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Specific human polymorphisms, most commonly found in Central Africa, can predict the success of drug treatment against the hepatitis C virus (HCV), a significant and globally-distributed human pathogen. However, this association is only found for a subset of HCV genotypes. Despite receiving considerable attention in the medical and virological literature, no evolutionary explanation for this curious pattern has been put forward. Here we suggest that the 'drug treatment resistance' phenotype exhibited today by some HCV genotypes evolved hundreds to thousands of years ago in response to human genetic variation local to Central Africa: an adaptation that has since accrued a new function in the era of anti-viral drug treatment. This could represent one of the oldest known examples of viral exaptation at the population level.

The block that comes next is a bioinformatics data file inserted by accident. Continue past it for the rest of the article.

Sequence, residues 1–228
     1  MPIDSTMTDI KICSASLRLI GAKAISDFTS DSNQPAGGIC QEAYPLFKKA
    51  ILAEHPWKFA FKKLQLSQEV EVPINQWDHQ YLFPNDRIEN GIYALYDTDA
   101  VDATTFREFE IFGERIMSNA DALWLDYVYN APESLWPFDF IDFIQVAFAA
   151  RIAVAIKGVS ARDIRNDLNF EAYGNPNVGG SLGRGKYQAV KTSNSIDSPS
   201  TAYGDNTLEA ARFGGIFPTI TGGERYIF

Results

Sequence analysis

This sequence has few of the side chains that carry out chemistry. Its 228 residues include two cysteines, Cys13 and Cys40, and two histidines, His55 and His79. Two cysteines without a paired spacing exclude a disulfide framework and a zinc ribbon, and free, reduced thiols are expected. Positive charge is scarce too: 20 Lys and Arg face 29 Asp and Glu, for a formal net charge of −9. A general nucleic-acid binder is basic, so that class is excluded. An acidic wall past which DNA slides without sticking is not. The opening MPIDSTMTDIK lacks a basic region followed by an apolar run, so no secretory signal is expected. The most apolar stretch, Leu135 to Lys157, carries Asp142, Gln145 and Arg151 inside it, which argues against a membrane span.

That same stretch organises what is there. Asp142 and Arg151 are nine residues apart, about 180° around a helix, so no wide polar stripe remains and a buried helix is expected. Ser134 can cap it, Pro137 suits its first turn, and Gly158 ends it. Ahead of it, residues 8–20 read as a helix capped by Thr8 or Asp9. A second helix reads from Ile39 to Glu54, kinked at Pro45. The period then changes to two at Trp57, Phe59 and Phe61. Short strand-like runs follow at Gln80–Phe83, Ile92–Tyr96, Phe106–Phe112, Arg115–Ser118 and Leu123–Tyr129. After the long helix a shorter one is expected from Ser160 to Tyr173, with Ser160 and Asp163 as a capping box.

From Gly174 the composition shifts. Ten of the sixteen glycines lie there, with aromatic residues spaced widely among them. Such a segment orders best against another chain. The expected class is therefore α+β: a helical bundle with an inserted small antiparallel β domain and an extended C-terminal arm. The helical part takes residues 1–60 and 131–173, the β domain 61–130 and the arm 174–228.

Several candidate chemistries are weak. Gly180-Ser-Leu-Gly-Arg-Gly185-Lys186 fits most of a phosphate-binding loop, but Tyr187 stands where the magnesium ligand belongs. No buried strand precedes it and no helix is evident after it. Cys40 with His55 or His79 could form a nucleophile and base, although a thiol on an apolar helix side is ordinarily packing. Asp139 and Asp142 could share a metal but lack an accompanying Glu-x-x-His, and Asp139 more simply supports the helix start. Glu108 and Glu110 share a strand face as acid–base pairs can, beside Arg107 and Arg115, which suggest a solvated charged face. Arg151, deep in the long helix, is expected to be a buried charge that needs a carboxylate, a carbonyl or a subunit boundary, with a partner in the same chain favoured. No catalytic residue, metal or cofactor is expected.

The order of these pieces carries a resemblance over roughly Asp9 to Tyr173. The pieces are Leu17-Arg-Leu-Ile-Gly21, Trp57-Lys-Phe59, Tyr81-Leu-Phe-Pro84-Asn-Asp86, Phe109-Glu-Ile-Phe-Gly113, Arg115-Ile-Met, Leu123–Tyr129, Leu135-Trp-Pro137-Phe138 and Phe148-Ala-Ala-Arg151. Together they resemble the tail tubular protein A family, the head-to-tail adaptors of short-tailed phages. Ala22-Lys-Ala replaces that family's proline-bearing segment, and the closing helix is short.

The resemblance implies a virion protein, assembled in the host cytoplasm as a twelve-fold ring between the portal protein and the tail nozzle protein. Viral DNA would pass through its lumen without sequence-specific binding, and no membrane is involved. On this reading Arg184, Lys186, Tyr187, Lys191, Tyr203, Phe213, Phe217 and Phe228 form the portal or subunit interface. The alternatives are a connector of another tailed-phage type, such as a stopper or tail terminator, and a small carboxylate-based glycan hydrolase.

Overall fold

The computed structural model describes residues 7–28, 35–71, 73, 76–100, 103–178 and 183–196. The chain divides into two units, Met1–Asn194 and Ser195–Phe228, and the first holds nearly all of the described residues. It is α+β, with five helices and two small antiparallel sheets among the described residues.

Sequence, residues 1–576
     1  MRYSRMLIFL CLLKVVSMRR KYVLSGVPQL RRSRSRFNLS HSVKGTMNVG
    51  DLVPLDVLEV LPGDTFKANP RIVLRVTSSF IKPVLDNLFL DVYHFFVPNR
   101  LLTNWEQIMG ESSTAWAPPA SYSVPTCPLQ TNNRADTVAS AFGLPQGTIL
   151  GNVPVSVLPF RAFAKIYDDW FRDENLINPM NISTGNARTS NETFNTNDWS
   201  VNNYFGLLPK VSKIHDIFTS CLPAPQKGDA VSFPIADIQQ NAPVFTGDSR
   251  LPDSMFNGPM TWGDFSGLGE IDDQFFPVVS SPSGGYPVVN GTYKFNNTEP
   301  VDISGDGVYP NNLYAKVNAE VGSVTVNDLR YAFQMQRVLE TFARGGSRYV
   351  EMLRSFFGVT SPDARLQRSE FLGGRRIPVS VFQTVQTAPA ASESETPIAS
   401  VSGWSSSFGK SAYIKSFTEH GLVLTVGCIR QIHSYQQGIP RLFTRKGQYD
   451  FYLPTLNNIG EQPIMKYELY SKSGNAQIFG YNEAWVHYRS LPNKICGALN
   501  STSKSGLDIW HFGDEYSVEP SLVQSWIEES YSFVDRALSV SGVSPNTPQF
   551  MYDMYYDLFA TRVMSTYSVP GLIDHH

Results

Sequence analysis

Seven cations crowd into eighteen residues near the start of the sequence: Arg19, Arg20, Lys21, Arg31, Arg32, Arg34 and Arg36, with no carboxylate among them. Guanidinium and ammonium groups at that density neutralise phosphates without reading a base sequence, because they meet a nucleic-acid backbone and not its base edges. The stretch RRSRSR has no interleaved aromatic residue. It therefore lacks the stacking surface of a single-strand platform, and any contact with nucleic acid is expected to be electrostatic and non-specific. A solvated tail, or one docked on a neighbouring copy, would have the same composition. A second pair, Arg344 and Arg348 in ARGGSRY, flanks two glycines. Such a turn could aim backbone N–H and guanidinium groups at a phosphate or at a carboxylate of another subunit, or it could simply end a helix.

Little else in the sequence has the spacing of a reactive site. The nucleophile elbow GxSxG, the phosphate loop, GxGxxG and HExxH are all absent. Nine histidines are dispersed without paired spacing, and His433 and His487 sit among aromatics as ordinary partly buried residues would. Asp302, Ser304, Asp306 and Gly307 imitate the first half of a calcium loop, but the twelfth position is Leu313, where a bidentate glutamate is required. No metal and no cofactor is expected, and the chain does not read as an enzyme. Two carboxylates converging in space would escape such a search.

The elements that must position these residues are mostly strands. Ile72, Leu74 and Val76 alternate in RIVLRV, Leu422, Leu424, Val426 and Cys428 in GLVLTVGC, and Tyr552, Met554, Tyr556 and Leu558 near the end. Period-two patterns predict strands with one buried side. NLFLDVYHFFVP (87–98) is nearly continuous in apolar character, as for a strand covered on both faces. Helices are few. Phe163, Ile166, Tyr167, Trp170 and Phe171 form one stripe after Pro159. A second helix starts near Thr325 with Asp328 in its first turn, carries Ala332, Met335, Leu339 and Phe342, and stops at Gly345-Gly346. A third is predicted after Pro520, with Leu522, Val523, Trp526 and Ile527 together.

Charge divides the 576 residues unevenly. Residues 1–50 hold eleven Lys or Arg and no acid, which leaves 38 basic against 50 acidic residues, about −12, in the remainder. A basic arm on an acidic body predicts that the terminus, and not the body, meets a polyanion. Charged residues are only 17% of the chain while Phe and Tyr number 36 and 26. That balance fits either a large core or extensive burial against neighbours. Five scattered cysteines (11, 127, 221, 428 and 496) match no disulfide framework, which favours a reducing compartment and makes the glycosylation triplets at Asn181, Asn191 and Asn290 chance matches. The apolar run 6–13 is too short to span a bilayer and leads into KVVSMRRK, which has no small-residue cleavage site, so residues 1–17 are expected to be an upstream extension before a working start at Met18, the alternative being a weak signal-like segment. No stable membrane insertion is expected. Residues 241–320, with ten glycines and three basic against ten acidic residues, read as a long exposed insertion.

Original publication




Journal article


Infect Genet Evol

Publication Date





418 - 421


Co-evolution, Hepatitis C virus, IFNL3, Phylogeny, SNPs, Antiviral Agents, Drug Resistance, Viral, Evolution, Molecular, Genetic Variation, Genotype, Hepacivirus, Hepatitis C, Chronic, Humans, Interleukins, Polymorphism, Single Nucleotide, Ribavirin